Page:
The Genetic Revolution and the Meaning of Life: How Will Society Respond to the Explosion of Knowledge?
A Congressional Briefing
Friday, June 7, 2002
8:3O -- 10:30 a.m.
B-340 Rayburn House Office Building
Science and technology are advancing faster than society’s ability to understand and cope with new discoveries. These sweeping advances in scientific and medical knowledge have also fostered changes in our social and cultural landscape. As a result, the current explosion of information and its social implications confront individuals and society with a complex array of challenges.
At the forefront of this knowledge revolution are the rapid advances being made in genetics. In 2001, the National Human Genome Research Institute completed a working draft of the DNA sequence of the human genome, a milestone in the never-ending pursuit to better understand ourselves and the wonder of life. The completion of the Human Genome Project is expected to comprise one of the most powerful and direct approaches to the study of a wide range of biological questions. It will allow researchers to identify genetic contributions to many common disease and disorders, such as diabetes, heart disease, and some forms of cancer. But in order to realize that potential, the accompanying ethical, legal, and social implications must be addressed. How will individuals, health professionals, and policy makers interpret, understand, and use the findings of this research? How will society react to information suggesting the possibility of group differences with respect to individual genetic risk for common, complex disorders? Three distinguished scientists will address some of the issues and concerns associated with this rapid increase in knowledge for society.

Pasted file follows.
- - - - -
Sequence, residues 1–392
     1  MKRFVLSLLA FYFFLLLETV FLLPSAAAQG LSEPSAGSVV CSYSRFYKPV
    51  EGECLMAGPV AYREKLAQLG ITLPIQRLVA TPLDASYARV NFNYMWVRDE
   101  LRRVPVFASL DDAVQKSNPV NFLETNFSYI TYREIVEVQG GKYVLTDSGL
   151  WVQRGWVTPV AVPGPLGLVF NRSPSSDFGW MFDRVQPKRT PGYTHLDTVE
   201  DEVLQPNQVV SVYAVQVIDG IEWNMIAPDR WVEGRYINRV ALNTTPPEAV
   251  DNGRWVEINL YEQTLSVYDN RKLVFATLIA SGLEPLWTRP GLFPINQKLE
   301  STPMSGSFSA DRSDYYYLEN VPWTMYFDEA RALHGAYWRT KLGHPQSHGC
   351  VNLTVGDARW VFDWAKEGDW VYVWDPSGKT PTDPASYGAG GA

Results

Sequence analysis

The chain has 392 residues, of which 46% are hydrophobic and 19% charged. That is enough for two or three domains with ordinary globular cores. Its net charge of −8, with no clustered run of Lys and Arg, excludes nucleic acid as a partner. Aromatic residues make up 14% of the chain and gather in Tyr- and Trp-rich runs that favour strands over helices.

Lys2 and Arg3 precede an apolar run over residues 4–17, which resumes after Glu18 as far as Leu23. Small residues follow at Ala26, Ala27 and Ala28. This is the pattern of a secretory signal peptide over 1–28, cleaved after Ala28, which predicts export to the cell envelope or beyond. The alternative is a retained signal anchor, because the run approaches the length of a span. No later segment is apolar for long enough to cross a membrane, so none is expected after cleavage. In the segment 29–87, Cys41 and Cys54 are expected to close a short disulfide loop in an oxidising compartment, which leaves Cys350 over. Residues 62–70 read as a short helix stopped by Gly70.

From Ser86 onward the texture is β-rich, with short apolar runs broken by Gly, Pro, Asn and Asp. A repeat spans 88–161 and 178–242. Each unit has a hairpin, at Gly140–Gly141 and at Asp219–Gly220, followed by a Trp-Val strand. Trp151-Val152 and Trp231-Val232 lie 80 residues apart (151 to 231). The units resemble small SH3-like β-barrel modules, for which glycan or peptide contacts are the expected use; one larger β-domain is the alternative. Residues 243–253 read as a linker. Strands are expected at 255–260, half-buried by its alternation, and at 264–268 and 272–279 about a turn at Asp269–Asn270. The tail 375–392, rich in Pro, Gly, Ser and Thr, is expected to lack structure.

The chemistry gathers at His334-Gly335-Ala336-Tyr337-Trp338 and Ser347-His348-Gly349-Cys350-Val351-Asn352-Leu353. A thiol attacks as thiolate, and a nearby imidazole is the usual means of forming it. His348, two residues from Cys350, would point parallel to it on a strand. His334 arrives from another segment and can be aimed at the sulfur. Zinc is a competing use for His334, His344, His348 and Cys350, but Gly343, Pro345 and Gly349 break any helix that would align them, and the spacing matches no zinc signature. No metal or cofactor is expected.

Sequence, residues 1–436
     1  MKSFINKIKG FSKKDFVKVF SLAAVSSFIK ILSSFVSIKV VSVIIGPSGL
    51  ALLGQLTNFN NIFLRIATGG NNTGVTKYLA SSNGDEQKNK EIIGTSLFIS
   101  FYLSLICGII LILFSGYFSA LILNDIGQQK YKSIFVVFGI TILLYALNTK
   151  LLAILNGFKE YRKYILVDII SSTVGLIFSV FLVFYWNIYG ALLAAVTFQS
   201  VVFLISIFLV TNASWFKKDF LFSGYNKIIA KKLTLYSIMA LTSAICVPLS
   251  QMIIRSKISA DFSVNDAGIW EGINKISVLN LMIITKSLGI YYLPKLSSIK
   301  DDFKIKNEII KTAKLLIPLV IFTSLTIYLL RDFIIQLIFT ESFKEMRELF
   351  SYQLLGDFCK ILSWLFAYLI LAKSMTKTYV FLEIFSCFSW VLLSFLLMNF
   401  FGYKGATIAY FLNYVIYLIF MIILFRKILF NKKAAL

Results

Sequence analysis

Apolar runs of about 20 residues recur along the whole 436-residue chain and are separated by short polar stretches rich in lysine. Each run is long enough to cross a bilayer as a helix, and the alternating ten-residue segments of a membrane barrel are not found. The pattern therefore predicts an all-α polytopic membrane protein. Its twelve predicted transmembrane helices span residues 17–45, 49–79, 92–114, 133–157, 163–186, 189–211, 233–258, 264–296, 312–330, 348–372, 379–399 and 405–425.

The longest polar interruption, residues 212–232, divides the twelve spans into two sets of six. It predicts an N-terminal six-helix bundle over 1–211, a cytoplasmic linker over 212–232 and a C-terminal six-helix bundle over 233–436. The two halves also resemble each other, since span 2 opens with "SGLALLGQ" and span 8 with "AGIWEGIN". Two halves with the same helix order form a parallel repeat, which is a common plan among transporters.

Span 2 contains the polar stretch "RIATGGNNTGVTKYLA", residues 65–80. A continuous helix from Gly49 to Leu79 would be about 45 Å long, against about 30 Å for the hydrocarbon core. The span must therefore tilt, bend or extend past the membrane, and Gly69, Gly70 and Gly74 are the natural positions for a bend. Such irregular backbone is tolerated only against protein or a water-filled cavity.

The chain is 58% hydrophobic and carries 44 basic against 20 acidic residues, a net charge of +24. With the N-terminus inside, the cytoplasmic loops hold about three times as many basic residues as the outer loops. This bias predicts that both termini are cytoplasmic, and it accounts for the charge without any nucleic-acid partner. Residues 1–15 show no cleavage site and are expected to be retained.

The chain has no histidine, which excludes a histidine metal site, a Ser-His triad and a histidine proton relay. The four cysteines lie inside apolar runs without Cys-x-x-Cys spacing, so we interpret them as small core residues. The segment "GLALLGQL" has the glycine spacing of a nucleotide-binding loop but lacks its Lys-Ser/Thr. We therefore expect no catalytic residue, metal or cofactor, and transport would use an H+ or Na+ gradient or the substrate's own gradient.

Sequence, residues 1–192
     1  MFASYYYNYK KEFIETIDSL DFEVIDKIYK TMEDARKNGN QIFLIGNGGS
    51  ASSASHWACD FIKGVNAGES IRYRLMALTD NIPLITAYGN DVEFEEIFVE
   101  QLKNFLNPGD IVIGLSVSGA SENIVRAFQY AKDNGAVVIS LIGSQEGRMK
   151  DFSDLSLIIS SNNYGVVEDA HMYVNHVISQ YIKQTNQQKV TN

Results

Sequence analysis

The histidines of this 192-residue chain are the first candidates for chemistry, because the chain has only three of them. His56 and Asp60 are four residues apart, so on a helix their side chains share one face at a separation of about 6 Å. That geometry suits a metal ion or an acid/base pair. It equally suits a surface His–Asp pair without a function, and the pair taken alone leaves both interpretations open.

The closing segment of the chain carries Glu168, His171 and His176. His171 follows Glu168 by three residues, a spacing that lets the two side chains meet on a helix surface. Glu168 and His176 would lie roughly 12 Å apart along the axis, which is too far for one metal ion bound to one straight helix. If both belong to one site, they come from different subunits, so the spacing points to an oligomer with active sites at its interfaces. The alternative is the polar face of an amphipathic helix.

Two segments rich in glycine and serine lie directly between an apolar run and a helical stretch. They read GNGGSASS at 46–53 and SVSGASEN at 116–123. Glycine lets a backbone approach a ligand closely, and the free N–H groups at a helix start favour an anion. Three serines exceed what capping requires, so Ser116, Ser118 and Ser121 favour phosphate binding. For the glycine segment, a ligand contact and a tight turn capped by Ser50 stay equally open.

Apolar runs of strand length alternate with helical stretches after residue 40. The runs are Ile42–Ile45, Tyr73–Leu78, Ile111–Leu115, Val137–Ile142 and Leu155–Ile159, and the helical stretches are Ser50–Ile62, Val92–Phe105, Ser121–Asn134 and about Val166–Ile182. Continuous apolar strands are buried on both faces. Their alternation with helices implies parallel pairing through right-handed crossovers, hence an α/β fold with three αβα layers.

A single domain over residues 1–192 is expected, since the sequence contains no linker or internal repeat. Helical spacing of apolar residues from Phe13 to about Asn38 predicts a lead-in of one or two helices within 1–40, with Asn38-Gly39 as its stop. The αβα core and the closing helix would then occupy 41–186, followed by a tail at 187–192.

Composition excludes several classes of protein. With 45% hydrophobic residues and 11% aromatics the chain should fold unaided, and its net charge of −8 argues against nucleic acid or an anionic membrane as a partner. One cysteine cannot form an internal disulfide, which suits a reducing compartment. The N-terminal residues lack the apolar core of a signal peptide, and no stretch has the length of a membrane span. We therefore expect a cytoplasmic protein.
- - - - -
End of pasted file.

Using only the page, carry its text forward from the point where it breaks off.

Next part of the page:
Troy Duster, Professor of Sociology, New York University, and Director, American Cultures Center, University of California at Berkeley -- The Intersection of Molecular Genetics, Race, and Criminal Justice
Dorothy Nelkin, Professor of Law and Professor of Sociology, New York University -- Emerging Legal and Social Issues In the Genetic Age
Susan Weller, Professor, Division of Sociomedical Sciences, Department of Preventive Medicine and Community Health, University of Texas Medical Branch -- The Intra and Inter-Cultural Variation in Medical Beliefs
Consortium of Social Science Associations (COSSA)
(with generous support from the W.K. Kellogg Foundation)
Positive RSVPs only by June 5 to COSSA at email@example.com
or 202/842-3525 or 202/842-2788 (FAX)
(A continental breakfast will be served.)